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Published on 11 August 2009

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White blood cells created in lab

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Six different types of white blood cell that have been created in laboratory conditions by scientists could soon be used for the safety screening of new drugs in a bid to develop new treatments.

Produced from embryonic stem cells, the white blood cells could be valuable tools for finding the genetic causes of blood cancers and other diseases.

Research leader Dr Igor Slukvin, from the University of Wisconsin-Madison in the US, said: “Toxicity to the blood-forming system is a key limit on drug development, so these cells could be used for safety testing in any drug development.”

Dr Slukvin and his team manipulated the cells to develop along particular pathways by exposing them to specific biological signalling molecules.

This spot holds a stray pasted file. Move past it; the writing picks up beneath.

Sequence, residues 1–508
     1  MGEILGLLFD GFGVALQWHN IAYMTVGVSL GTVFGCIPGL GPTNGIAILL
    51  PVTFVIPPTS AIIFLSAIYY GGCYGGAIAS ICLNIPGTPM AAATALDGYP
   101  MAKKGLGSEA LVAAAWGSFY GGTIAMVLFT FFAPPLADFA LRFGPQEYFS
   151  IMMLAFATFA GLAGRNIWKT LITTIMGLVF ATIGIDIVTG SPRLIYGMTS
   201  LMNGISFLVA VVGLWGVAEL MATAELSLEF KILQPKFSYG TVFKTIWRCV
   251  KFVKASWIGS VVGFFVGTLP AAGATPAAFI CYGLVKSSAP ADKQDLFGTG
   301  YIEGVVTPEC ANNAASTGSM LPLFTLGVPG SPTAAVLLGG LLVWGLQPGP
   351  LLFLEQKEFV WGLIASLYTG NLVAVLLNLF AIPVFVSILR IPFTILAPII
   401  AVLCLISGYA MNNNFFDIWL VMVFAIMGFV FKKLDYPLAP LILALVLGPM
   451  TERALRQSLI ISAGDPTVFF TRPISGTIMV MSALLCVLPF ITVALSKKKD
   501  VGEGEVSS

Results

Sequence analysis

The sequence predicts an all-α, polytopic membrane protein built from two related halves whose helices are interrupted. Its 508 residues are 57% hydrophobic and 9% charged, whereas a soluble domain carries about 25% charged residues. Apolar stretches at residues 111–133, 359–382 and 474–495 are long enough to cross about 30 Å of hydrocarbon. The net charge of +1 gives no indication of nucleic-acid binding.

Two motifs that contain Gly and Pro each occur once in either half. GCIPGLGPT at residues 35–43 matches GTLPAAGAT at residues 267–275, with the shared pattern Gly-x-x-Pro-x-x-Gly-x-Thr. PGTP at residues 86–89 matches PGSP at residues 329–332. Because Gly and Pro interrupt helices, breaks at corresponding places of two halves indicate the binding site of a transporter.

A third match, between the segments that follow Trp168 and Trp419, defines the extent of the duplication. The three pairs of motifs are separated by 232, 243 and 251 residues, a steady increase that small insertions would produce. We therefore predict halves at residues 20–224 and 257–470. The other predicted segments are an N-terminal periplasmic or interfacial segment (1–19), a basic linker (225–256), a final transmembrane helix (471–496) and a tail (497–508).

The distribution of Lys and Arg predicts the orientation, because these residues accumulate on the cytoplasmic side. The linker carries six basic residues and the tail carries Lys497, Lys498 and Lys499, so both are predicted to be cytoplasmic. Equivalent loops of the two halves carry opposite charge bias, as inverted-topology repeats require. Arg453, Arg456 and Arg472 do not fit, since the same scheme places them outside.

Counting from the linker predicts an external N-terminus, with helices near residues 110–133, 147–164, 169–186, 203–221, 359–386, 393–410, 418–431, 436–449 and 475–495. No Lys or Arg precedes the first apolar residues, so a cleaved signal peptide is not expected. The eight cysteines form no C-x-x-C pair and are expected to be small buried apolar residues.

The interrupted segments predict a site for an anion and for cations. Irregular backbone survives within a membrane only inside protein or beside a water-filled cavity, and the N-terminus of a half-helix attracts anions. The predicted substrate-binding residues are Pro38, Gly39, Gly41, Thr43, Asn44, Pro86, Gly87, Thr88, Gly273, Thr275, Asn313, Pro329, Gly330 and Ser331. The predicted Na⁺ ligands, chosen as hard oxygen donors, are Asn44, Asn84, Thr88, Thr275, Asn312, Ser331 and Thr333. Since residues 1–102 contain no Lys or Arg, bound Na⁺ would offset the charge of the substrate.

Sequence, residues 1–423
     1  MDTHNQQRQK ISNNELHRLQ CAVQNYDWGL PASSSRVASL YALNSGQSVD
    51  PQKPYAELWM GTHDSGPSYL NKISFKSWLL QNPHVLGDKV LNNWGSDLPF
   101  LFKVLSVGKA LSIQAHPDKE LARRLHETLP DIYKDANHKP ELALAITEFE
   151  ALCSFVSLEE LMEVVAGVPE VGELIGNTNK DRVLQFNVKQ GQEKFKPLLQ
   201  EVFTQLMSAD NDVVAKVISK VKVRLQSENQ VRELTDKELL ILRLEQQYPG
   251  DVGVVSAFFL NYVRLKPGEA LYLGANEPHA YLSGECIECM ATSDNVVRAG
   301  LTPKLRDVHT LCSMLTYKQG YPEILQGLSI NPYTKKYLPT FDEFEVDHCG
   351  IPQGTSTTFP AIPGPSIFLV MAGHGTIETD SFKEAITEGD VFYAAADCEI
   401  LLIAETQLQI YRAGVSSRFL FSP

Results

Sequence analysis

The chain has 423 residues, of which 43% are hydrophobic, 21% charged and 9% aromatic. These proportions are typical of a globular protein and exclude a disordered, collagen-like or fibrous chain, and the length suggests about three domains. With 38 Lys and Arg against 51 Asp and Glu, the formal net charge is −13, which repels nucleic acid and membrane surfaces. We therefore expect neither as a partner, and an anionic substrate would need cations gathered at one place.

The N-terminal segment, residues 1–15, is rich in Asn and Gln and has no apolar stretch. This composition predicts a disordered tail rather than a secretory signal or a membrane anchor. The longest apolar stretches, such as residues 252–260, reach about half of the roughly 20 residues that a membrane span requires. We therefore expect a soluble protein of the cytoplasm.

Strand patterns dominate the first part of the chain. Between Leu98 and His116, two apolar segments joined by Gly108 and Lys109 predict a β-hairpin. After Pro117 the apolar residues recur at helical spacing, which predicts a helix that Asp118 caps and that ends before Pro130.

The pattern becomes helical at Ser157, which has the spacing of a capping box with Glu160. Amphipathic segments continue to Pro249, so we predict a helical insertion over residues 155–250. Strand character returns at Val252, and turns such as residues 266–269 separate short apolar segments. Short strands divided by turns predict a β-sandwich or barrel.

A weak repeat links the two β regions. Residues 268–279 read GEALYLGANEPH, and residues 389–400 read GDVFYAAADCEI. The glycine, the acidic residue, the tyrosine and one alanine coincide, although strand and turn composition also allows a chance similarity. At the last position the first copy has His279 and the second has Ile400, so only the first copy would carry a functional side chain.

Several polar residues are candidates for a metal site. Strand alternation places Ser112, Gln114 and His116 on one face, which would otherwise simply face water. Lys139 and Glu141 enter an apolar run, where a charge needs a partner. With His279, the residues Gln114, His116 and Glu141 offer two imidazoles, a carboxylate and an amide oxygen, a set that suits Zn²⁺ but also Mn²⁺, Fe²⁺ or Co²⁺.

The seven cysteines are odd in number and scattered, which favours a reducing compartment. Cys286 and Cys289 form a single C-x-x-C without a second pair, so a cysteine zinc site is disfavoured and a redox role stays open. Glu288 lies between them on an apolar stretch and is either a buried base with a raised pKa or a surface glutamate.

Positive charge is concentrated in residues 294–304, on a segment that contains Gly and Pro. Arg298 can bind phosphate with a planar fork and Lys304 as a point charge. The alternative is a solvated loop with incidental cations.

Among the cells they produced were osteoclasts, large white cells involved in the brittle bone disease osteoporosis, and eosinophils, which play a role in allergy and asthma.

Others included dendritic and Langerhans immune cells, which direct responses to infection, and neutrophils, the most common type of immune system blood cell.

The scientists said new work in the future could lead to the creation of new blood cells from a patient’s own body.

“Eventually, we want to make therapeutic cells that could be used instead of bone marrow transplants,” said Dr Slukvin, whose research is reported in the Journal of Clinical Investigation.

Copyright Press Association 2009

Journal of Clinical Investigation



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